Quality of Life in Patients Under Investigation for Unclear Chest Pain; Before and After Coronary Angiography
|Catrin Henriksson* Theresa Hallberg and Nina Johnston|
|Department of Medical Sciences, Uppsala Clinical Research Center, Uppsala University, Sweden|
|Corresponding Author :||Catrin Henriksson
Department of Medical Sciences, Uppsala University, Uppsala, Sweden
Tel: +46 18 6110987
E-mail: [email protected]
|Received November 09, 2015; Accepted November 29, 2015; Published November 30, 2015|
|Citation: Henriksson C, Hallberg T, Johnston N (2015) Quality of Life in Patients Under Investigation for Unclear Chest Pain; Before and After Coronary Angiography. J Cardiovasc Dis Diagn 3:230. doi:10.4172/2329-9517.1000230|
|Copyright: © 2015 Henriksson C, et al. This is an open-access article distributed under the terms of the Creative Commons Attribution License, which permits unrestricted use, distribution, and reproduction in any medium, provided the original author and source are credited.|
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Background: Patients with unclear chest pain experience more anxiety compared to those receiving a clear diagnosis, and they also report lower quality of life (QoL) than a general population. The aim was to investigate if there were differences in QoL before coronary angiography compared to six months later.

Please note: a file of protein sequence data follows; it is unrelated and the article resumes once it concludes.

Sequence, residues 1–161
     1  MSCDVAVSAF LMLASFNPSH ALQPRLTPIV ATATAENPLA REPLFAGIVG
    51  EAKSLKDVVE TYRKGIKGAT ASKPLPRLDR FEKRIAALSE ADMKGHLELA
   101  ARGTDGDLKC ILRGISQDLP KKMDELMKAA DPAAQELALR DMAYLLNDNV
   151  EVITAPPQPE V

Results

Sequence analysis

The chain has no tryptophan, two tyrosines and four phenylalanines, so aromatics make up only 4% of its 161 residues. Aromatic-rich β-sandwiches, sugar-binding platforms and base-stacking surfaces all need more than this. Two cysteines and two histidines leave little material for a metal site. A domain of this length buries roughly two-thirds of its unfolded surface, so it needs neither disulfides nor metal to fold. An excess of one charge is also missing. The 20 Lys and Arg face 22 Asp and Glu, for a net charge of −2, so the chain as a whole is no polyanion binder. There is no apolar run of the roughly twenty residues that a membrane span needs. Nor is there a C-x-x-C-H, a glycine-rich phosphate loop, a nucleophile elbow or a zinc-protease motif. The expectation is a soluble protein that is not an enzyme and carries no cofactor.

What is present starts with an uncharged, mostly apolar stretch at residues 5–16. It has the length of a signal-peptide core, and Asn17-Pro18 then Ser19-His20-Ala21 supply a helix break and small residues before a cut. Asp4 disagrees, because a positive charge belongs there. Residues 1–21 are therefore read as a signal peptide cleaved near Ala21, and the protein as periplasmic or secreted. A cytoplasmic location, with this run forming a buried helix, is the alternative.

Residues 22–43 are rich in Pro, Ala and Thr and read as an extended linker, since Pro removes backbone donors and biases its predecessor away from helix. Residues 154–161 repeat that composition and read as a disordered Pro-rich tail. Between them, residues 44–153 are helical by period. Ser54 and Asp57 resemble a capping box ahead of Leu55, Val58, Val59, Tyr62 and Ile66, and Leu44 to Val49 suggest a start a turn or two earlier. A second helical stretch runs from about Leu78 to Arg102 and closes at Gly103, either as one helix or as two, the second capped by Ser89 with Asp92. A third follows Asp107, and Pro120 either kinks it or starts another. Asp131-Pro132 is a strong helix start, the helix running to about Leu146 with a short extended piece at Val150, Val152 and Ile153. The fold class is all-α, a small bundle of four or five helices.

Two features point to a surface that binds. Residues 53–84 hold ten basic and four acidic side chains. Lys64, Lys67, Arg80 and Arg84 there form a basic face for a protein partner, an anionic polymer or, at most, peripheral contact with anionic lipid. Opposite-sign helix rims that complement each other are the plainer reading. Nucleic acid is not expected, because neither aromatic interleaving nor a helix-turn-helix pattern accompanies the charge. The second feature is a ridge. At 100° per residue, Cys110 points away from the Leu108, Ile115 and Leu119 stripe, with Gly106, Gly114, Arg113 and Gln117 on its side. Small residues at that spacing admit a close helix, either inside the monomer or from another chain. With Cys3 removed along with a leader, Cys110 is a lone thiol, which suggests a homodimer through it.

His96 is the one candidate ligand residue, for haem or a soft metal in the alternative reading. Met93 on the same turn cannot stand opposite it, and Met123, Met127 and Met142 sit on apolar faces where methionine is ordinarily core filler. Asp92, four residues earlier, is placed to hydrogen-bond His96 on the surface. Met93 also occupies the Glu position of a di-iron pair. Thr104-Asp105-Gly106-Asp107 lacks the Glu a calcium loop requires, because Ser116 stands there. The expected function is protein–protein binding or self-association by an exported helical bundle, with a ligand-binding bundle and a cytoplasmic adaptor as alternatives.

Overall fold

Methods: This was a quantitative study using the questionnaire EQ-5D. The study population consisted of patients (N=150) with unclear chest pain, referred for elective coronary angiography. They were asked to complete a questionnaire the day before coronary angiography and six months later.
Results: Significant improvements were seen regarding usual activities, pain/discomfort and total health status on the day before coronary angiography compared to at six months follow up.
Conclusions: Patients with unclear chest pain seem to estimate their total health status before coronary angiography worse than both the general population and myocardial infarction patients. Those with coronary artery disease CAD rated better total health status in comparison to those with a final diagnosis of no CAD. However, six months later significant improvements were seen.